Well, to clarify, by queued up I don’t mean a playlist ready to go. I just mean the “Hey, let me show you this song!” or “let’s put on some Artist XYZ” or “have you heard this song yet” etc. Plenty of people do watch them, especially if pulling up a specific video, so I’m not trying argue like 90% of people walk away. My argument is that the percentage of views of music videos (both actual videos and lyric/art) is pretty substantial. Really, the fact that so many videos of one picture get so many views is proof of YouTube’s use as an audio jukebox.

      • GGG

        It still all depends on how they set it up, what they make available, etc. In other words, will they make so there is even a point for people to choose the YouTube service for audio-only? Are labels going to, or going to have to, make a lyric video for every single track on the album? Will there be pre-set playlists so you don’t have to find each video through related links, searches, etc? Will load time/buffering be better? How much does loading videos for every song on this drain your battery on a mobile device compared to an audio only platform? There’s a place in the world for both a video-centric and audio-centric platform.

        Reply
      • Edward Jennings

        What I realize is that I watch and hear YouTube videos, it is a visual and audio COMBINED experience. (Apple)

        I listen ONLY to Spotify. (Orange)

        Reply
        • tuneHunter

          Most of the Tube traffic goes as “listen only” mode”.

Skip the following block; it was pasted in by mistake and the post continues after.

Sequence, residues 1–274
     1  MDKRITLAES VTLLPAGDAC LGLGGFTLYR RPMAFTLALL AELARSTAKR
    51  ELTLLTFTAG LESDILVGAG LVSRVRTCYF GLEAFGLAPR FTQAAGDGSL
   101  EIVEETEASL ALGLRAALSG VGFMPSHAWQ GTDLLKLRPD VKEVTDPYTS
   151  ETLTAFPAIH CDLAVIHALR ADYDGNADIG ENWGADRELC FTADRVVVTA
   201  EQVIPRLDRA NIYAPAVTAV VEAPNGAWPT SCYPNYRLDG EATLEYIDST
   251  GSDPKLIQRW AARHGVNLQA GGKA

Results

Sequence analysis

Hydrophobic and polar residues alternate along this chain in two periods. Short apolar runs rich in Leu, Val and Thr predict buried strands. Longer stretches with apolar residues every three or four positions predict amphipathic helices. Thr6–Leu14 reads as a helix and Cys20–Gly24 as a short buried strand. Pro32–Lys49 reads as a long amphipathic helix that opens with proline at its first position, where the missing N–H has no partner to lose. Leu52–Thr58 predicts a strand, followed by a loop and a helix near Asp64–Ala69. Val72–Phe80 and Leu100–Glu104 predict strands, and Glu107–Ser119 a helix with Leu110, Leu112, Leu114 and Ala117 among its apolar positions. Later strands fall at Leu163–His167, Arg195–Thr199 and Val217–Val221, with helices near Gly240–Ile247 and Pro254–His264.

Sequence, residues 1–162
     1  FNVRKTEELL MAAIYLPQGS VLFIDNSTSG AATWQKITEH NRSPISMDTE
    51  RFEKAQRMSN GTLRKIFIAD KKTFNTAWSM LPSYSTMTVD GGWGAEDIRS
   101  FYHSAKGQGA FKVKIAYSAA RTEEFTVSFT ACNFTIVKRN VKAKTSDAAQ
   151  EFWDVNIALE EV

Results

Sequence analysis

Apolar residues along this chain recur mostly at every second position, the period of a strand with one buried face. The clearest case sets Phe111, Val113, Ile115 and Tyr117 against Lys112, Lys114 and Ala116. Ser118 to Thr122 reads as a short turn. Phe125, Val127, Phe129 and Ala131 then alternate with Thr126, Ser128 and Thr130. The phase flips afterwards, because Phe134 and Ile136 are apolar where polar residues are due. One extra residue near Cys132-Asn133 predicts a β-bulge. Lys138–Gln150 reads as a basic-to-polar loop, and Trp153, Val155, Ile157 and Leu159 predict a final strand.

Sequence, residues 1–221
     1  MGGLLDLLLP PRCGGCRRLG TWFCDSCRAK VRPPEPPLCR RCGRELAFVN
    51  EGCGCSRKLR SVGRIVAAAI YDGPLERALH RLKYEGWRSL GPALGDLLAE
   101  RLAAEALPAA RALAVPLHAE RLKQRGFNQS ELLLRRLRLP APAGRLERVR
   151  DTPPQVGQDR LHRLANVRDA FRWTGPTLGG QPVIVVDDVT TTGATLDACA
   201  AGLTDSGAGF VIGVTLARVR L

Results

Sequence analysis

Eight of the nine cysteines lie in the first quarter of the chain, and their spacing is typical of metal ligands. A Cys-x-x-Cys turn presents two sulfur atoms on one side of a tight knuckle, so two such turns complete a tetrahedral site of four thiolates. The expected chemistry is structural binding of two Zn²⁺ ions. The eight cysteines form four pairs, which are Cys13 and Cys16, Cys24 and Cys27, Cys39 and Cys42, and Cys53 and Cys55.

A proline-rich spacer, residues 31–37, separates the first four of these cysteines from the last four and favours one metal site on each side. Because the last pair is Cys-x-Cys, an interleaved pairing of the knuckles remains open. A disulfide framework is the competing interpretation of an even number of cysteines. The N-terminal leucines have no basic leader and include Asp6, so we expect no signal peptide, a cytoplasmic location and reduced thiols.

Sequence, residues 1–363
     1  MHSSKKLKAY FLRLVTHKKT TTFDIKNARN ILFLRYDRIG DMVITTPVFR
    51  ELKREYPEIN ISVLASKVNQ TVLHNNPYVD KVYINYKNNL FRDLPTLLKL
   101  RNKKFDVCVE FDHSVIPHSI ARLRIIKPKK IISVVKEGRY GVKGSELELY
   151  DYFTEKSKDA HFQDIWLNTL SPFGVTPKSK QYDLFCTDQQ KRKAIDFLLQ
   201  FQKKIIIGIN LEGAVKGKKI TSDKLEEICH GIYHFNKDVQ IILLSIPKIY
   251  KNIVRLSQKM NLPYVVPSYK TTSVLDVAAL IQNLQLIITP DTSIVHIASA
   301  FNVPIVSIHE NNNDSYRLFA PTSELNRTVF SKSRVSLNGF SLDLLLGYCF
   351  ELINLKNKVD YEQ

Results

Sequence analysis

All teenage parties are powered by free mega TubePod!
          Video and display advertising around it goes unnoticed in 80% of cases.

          Free or near free is not the future! There is absolutely no reason to give you total pleasure for free!
          Labels are ignorant and lost at someones expense – it is time for musicians of any caliber to unite and say LOUD NO!

          Reply
      • Frank

        Your anti Spotify rhetoric is tiring… your articles are not ‘Digital Music News’ but skewed rants with bits of ‘news’ to suit your agenda. Stick to news or change the name of the site!

        Reply
        • Anonymous

          DMN’s ‘agenda’ is actually all over the place:

          From Helienne who defends musicians against criminals, to Nina who protects criminals against artists.

          And somewhere in between you have Paul. 🙂

          Reply
    • Edward Jennings

      Thanks for this article reference. The author, Steve Knopper did his homework. he also correlated his writing with direct references from key industry personnel. He wasn’t speculative nor sensationalist.

      I like this quote, “But a source familiar with the service clarifies what the service will not be. “It’s not putting a paywall in front of music. That would just not be cool on many levels,” the source says. “And it’s not Spotify-plus-video.”

      Read more: http://www.rollingstone.com/music/news/how-youtubes-subscription-service-will-benefit-record-labels-20131025#ixzz2j1yG0NL5
      Follow us: @rollingstone on Twitter | RollingStone on Facebook

      Reply
      • GGG

        “It’s not putting a paywall in front of music. That would just not be cool on many levels,” And this is the service DMN wants? Putting a paywall (or rather the last decade tearing it down) in front of music is the whole issue!

        Reply